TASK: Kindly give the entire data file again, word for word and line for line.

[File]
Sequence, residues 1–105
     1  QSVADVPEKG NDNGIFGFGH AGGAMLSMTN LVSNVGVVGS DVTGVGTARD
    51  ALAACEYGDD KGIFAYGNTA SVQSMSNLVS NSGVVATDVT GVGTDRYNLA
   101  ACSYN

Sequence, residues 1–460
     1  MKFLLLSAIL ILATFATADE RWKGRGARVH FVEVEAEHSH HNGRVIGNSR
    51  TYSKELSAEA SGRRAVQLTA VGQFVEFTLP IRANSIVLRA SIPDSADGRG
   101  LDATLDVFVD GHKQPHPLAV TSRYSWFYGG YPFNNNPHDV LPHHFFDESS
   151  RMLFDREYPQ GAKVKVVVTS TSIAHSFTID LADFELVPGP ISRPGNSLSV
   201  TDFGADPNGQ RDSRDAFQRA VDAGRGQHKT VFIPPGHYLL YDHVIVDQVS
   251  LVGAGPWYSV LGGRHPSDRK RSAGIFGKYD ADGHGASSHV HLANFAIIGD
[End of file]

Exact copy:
Sequence, residues 1–105
     1  QSVADVPEKG NDNGIFGFGH AGGAMLSMTN LVSNVGVVGS DVTGVGTARD
    51  ALAACEYGDD KGIFAYGNTA SVQSMSNLVS NSGVVATDVT GVGTDRYNLA
   101  ACSYN

Sequence, residues 1–460
     1  MKFLLLSAIL ILATFATADE RWKGRGARVH FVEVEAEHSH HNGRVIGNSR
    51  TYSKELSAEA SGRRAVQLTA VGQFVEFTLP IRANSIVLRA SIPDSADGRG
   101  LDATLDVFVD GHKQPHPLAV TSRYSWFYGG YPFNNNPHDV LPHHFFDESS
   151  RMLFDREYPQ GAKVKVVVTS TSIAHSFTID LADFELVPGP ISRPGNSLSV
   201  TDFGADPNGQ RDSRDAFQRA VDAGRGQHKT VFIPPGHYLL YDHVIVDQVS
   251  LVGAGPWYSV LGGRHPSDRK RSAGIFGKYD ADGHGASSHV HLANFAIIGD